Monday, March 21, 2011

Laurel Hill

Two weeks from Saturday, I'll run my favorite race, the Tar Heel 10 Miler, on the streets of Chapel Hill, N.C. and the gorgeous campus of the University of North Carolina.

I'll pass mile marker 1 on the L-shaped road I used to take to UNC basketball games at the "Dean Dome" and soccer practice before they turned our old field into a parking lot.

Around mile marker 5, I'll run past the Forest Theatre, where I got initiated into the co-ed honor fraternity the same night a student proposed to his girlfriend with a candlelit dinner on the stone amphitheater's grass-carpeted floor.

Near the very end of the race, I'll climb Laurel Hill, which earned its famous rep due to the fact that it climbs more than 200 vertical feet over about a mile. It's the most difficult part of the race - so much so that race organizers place separate timing mats at the bottom and top for the simple fact that any runner who notches a killer split on Laurel Hill earns automatic bragging rights.

Laurel Hill isn't easy, but my playlist, my Asics and my love for my little sister will carry me to the top. And soon after I reach that pinnacle, I'll cross the finish line.

This will be the third race I've run for Taylor since Thanksgiving, but this time, I'll have additional motivation. In 2010, I ran a slow 1:39 in the Tar Heel 10 Miler. Just two days ago in Charlotte, I ran 10 miles and beat that time by more than 20 minutes. Granted, south Charlotte doesn't have a Laurel Hill. But I'm almost a sure bet to improve on my 2010 tortoise pace this Saturday, April 9.

To honor my little sister's valiant fight against Batten disease, I'm pledging $5 for every minute under my 2010 time. I'm also asking friends to give anything they can in support of my run. I'll post my race result here on Sunday, April 10.

To donate, visit and click on the 'Donate' button in the sidebar.

I'm incredibly grateful for the support of all of our angels. Though we have many Laurel Hills ahead of us in the fight to save Taylor, we'll never stop fighting - or running.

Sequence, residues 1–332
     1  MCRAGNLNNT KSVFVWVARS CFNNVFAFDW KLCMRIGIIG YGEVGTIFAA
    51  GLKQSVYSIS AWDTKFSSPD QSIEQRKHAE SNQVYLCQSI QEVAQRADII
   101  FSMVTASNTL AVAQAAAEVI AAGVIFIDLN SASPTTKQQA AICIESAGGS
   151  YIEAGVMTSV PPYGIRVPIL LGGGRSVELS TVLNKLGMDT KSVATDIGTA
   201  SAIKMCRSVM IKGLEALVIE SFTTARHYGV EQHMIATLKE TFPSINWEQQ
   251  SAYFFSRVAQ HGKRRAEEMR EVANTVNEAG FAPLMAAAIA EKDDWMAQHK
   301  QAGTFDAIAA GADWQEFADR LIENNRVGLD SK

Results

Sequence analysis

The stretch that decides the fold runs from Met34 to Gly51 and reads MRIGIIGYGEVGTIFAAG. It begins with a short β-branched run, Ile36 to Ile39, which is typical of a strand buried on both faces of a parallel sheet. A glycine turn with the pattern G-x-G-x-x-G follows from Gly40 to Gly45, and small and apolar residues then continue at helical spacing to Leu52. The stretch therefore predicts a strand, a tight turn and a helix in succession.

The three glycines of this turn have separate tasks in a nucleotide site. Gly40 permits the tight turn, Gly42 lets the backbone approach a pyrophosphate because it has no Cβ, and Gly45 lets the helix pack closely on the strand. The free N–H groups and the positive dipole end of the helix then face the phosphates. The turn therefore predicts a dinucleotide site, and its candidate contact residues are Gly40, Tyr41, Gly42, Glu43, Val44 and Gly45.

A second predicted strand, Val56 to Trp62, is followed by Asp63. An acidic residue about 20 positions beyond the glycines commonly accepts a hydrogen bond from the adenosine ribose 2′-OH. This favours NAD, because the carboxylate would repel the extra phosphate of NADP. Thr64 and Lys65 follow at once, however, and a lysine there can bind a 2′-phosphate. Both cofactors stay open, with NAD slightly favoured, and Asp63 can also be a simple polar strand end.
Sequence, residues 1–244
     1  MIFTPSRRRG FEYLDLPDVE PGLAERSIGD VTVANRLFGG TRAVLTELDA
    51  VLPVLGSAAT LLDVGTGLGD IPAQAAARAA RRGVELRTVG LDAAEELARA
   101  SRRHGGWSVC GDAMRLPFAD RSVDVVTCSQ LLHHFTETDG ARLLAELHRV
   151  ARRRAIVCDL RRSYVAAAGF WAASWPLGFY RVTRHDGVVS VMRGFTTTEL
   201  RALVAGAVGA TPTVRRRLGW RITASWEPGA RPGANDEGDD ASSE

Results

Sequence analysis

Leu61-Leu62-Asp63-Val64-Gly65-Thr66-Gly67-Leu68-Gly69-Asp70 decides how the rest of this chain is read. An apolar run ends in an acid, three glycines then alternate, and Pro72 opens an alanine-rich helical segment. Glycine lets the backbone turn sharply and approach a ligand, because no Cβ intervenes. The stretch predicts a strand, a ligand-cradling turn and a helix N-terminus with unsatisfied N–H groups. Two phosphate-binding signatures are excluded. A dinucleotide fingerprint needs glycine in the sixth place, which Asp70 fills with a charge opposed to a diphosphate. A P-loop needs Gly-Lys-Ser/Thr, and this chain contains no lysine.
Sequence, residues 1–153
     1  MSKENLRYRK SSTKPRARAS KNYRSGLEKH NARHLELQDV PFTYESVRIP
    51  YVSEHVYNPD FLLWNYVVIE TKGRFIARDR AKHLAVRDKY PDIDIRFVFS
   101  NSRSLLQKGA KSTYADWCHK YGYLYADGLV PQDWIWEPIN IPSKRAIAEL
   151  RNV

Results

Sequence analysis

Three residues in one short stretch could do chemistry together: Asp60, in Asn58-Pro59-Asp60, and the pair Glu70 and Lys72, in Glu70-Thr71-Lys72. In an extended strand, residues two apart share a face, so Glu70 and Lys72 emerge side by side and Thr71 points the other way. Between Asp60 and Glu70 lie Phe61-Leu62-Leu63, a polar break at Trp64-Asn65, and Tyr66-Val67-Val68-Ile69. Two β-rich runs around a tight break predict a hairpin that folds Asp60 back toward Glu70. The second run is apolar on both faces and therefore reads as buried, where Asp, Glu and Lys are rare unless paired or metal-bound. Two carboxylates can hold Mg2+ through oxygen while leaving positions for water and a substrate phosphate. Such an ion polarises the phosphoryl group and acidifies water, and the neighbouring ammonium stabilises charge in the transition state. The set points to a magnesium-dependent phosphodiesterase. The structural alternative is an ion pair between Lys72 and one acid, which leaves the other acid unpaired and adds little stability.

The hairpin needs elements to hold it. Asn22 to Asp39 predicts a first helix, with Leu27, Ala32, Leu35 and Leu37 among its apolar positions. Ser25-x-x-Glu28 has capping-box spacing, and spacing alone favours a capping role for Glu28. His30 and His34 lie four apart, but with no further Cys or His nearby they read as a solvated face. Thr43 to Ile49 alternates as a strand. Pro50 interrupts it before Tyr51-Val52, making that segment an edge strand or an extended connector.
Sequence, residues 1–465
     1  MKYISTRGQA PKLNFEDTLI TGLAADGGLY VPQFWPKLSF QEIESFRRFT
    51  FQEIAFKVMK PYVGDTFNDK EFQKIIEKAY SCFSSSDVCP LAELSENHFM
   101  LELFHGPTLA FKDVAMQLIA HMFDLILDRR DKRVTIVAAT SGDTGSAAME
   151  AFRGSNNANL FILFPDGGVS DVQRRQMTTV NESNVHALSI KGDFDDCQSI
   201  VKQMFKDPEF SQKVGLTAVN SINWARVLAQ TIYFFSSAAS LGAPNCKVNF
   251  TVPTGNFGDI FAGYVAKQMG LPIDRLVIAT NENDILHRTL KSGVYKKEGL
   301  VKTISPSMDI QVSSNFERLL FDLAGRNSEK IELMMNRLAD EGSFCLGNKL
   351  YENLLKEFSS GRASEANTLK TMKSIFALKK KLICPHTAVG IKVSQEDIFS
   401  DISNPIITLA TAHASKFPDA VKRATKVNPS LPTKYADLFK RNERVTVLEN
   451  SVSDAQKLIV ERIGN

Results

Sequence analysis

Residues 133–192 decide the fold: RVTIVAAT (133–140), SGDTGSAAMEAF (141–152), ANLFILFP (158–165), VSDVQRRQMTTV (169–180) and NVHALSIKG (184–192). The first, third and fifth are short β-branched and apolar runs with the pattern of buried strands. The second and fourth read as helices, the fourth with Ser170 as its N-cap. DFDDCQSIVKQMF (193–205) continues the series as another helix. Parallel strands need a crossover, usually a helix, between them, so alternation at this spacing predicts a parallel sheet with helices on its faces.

Saturday, March 12, 2011


mir*a*cle - noun. 1: an extraordinary event manifesting divine intervention in human affairs / 2: an extremely outstanding or unusual event, thing, or accomplishment

On her way out the door following our ACC tournament fundraiser late this afternoon, a woman I'd never met walked up to me, squeezed my arm, looked right into my eyes and asked the question that forever looms in our anxious hearts: "Is she going to be okay?"

She is my sister, Taylor, who at that moment sat less than 10 feet behind me at our family's table and yet was quite clearly wrapped up in her own private, dark world far, far away. Without looking away from the woman's searching eyes, I offered only the following: "We still believe in miracles."

I dodged the woman's question, I know - but the prospect of answering directly quite honestly scares me these days. Each time the sun rises and falls, marking the end of another day without a cure for infantile Batten disease, Taylor's survival more clearly defies all logic.

When scientists finally unlock the key to this evil disease, I will not call it a miracle. I will call it great science. And I know it will happen. The question is when.

If my sister should beat this disease - that will be a miracle, and when it happens, I will fall to my knees, look up at the sky and thank God, because no matter what marvels modern medicine can conjure to make her road more comfortable, only He can ultimately lead her out of the darkness.

I'm still waiting for that miracle. But I've witnessed other miracles along the way.

Last night, Taylor attended her school dance. When my parents met John and me in the school parking lot to deliver her to us, my mom had tears in her eyes, because in our world, every 'normal' experience is emotionally charged. We smile and laugh on the outside, but on the inside, we wonder, 'Will she be able to handle it?' and 'Will this be her last one?'

As we walked down the short hallway to the cafeteria, where the dance had already started, I worried that the kids would ignore Taylor. I silently thanked God for my husband, knowing he would take Taylor's hand and lead her onto the dance floor if no one else would.

But my fears were unnecessary.

True story: three boys danced with Taylor last night. As I watched from my wallflower spot, an uncanny warmth spread from my head to my toes. And in those moments, I knew I was witnessing a miracle in its purest form - an extraordinary event manifesting divine intervention in human affairs. Because those were angels twirling my sister around the room.